Santa Cruz is a big city and it felt more Brazilian than Bolivian. We were in need of a place to do an oil change and some maintenance after riding the Road to Hell. Found a workshop that on first sight wasn’t encouraging, a young lad was drilling out a cylinder with what looked like a Black & Decker!! The guy in charge knew what he was about however, Snr. Becerra had worked in the States and Japan. Besides we didnt need anything complicated doing, oil change, wheel bearings, and while we were there, Arno took the chance to check out his shaft.
Arno checking how clean his bike is, or was it the bearings?
Antonis turned up while we were in the city, he had the good sense to take the train from Brazil and decided to come with us to Sucre. Arno assured us that the road was paved the whole way, I had my doubts – this is Bolivia after all – but we set off expecting tarmac. We got it too, well for 70kms anyway, until Abapo, where the road works started. We got fuel here too, by the side of the road, jerrycan and funnel replacing the usual pump.
Filling up – don’t think this is Shell!
We had to ride across another of those railway/road bridges, this one in a worse state of repair than the last if that were possible, no side rails and the tracks not flat into what little wood there was between them. On the other side of the river, the road works awaited, we thought we had missed a turn but no, this was the new road, trouble was, it was still being built.
We did actually get to ride on parts of the new road, at other times however we had to contend with the sand. Antonis was having a harder time than me, the big 1150GS kitted out with road tyres was not easy to keep upright. It made a change for someone other than me to be dumping their bike in the sand! We’d planned to be in Monteagudo for the night, but we were far far away by the time it came to look for accommodation. Asked in a tiny village if we could camp somewhere, it didn’t look very secure, but then a truck driver told us there was a construction workers camp a few km’s further on and we should ask the boss there. We did so, and were able to put up our tents in a nice fenced compound complete with semi-permanent bathrooms and even a canteen.
Packing up in the early morning
An early start the next morning after a Bolivian construction workers breakfast, of steak, egg, chips, rice and coffee – all at 7am!! We actually got to ride on new road for most of the morning – we sneaked onto it when no-one was looking and kept going. Had to move the occasional branch out of the way but was preferable to riding on the sand holes the trucks were making. Unfortunately, at a junction, we had to turn off the nice road and go back onto the sandy track that was the road to Sucre.
It took us a few more days than planned, but it was a good ride and took us once again away from the other travellers.
Antonis battling with the sand
The city of Sucre was a great place to hang out for a couple of days. Arno found a workshop and we spent a day doing a few things to the bikes; fixing panniers, cleaning air filters and fiddling with our carburettors in anticipation of higher altitudes.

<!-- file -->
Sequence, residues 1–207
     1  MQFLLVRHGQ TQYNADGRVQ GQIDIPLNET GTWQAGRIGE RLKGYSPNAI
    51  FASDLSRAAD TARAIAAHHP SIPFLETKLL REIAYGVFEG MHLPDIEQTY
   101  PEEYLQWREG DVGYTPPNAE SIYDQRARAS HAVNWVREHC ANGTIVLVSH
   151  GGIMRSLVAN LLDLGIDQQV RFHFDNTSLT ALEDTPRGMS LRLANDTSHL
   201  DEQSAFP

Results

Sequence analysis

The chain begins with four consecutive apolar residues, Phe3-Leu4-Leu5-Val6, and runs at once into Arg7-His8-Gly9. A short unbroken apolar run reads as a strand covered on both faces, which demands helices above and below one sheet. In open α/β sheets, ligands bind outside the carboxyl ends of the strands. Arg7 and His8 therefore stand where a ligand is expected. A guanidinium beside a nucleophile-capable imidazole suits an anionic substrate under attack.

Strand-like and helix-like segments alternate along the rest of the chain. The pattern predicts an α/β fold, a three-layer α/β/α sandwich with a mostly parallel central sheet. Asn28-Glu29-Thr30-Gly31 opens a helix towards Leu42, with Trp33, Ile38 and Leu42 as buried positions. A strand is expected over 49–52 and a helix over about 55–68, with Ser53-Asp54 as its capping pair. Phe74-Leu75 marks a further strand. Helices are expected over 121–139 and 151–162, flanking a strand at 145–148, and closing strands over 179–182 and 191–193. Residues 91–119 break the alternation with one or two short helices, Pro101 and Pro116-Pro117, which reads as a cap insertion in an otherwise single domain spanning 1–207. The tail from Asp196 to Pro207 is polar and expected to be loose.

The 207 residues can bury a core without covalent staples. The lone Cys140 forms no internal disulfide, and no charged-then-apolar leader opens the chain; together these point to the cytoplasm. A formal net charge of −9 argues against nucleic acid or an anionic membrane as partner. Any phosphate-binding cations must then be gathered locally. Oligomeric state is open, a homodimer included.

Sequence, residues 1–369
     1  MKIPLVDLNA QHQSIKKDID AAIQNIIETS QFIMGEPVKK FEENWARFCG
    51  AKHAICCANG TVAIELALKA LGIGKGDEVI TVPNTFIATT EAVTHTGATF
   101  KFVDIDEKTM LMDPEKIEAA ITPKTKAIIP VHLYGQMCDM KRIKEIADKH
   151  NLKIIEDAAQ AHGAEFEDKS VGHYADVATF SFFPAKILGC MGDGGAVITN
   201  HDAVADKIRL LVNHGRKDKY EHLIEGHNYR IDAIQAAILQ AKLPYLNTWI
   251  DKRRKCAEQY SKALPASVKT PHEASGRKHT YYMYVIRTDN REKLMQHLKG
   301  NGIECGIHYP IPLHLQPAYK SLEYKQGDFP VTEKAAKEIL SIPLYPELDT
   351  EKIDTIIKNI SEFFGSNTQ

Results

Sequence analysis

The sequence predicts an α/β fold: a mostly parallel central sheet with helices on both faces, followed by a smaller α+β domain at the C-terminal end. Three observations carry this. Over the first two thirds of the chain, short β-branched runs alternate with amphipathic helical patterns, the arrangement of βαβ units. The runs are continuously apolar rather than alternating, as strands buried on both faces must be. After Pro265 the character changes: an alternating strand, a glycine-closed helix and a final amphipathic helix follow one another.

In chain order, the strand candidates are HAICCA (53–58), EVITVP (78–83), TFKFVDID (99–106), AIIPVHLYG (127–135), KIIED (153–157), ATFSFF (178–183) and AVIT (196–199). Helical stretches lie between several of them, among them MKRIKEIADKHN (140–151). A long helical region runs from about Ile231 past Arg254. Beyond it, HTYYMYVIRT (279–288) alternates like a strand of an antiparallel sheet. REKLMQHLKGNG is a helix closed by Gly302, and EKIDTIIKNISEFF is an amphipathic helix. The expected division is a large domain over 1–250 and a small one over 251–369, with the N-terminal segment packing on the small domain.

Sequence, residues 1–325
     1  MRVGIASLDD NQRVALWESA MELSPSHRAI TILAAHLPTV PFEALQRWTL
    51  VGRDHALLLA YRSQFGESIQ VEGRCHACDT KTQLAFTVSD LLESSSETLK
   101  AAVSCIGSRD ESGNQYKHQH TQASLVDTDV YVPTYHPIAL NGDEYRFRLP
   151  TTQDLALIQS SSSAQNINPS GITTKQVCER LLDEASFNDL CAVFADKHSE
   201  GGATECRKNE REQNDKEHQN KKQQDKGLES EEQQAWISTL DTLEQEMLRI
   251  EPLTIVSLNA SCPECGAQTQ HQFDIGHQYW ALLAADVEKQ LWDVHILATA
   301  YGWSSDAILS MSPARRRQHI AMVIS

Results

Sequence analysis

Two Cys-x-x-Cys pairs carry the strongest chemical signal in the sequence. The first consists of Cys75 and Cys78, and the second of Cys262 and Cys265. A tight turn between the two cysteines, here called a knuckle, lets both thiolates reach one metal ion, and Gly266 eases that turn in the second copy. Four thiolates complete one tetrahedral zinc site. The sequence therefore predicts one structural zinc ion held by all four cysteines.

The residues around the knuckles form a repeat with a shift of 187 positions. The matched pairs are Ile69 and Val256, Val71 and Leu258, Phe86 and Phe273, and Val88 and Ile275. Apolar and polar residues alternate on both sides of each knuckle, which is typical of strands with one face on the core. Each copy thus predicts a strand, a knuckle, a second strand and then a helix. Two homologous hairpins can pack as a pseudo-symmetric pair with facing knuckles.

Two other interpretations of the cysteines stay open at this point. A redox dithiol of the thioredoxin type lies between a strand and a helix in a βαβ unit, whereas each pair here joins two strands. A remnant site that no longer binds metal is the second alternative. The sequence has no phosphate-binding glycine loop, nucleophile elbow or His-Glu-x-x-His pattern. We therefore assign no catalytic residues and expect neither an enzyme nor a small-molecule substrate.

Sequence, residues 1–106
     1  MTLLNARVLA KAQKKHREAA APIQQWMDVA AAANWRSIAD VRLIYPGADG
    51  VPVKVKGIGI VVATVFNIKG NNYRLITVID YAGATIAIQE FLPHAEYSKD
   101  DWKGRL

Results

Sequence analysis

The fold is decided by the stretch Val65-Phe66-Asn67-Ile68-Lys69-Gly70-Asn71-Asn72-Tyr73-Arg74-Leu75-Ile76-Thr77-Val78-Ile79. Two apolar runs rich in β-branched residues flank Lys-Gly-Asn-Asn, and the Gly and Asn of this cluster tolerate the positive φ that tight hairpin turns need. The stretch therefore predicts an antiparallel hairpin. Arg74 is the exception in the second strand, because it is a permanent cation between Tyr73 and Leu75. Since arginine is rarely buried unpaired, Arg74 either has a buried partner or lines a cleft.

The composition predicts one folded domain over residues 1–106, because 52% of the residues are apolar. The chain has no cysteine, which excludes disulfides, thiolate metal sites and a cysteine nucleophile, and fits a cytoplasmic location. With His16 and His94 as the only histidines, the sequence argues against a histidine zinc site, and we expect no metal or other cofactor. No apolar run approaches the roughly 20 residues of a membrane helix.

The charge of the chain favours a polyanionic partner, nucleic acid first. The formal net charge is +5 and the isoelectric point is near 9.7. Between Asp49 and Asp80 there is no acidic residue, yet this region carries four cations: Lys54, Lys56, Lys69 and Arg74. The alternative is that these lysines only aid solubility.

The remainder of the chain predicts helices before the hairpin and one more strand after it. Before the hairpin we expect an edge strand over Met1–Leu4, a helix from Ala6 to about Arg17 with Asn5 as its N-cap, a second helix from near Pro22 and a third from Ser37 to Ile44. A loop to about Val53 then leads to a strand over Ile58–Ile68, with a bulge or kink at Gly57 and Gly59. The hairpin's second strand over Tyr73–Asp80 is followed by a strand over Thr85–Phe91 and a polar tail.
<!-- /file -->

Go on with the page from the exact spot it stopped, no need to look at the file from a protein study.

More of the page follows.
The town was full of historic buildings, the market was wonderful to stroll around and we even managed to be there for a big Fiesta.
Our next destination was Potosi, 160km’s away, another 2000 metres higher but tarmac all the way. Took it slowly and had lots of breaks to try and avoid getting sick. The 2 BMW’s had no problems with the altitude, my XT though was stuttering a little above 3500m.
Potosi is famous for its mine – well mines, the mountain towering over the city is filled with small mines, some of which you can visit. It was hard work clambering around in the small tunnels, to see the appalling conditions in which the miners have to work. Glad we were only down there for a couple of hours and not a working lifetime, not surprisingly shorter than the average!! Dynamite is used to reveal more seams of zinc and …… when underground, the whole mountain seemed to tremble as the charges went off. It was interesting to wander around the miners market, where the full array of mining paraphernalia was on sale for anyone to buy – including sticks of dynamite. Now Arno is a bit of an explosions freak, so there was no way he was leaving town without a few sticks to test out somewhere in the desert. Antonis and I patiently waited while he chose between the various sizes types and lengths, then he had to choose the fuse!
Arno deciding which dynamite to purchase
Antonis wasn’t too keen to tackle anymore dirt roads, so he rode in the direction of La Paz, while we took the dirt road to Uyuni. It wasn’t too bad this time and the scenery of course pretty spectacular.
We arrived in Uyuni late afternoon, a strange little town in the middle of nowhere, surrounded by sand and plastic bags. Booked into the Hotel Avenida where most riders seem to stay and were amazed to see a huge Yamaha Dragstar complete with trailer, parked inside. Can’t wait to meet the owner of that one!
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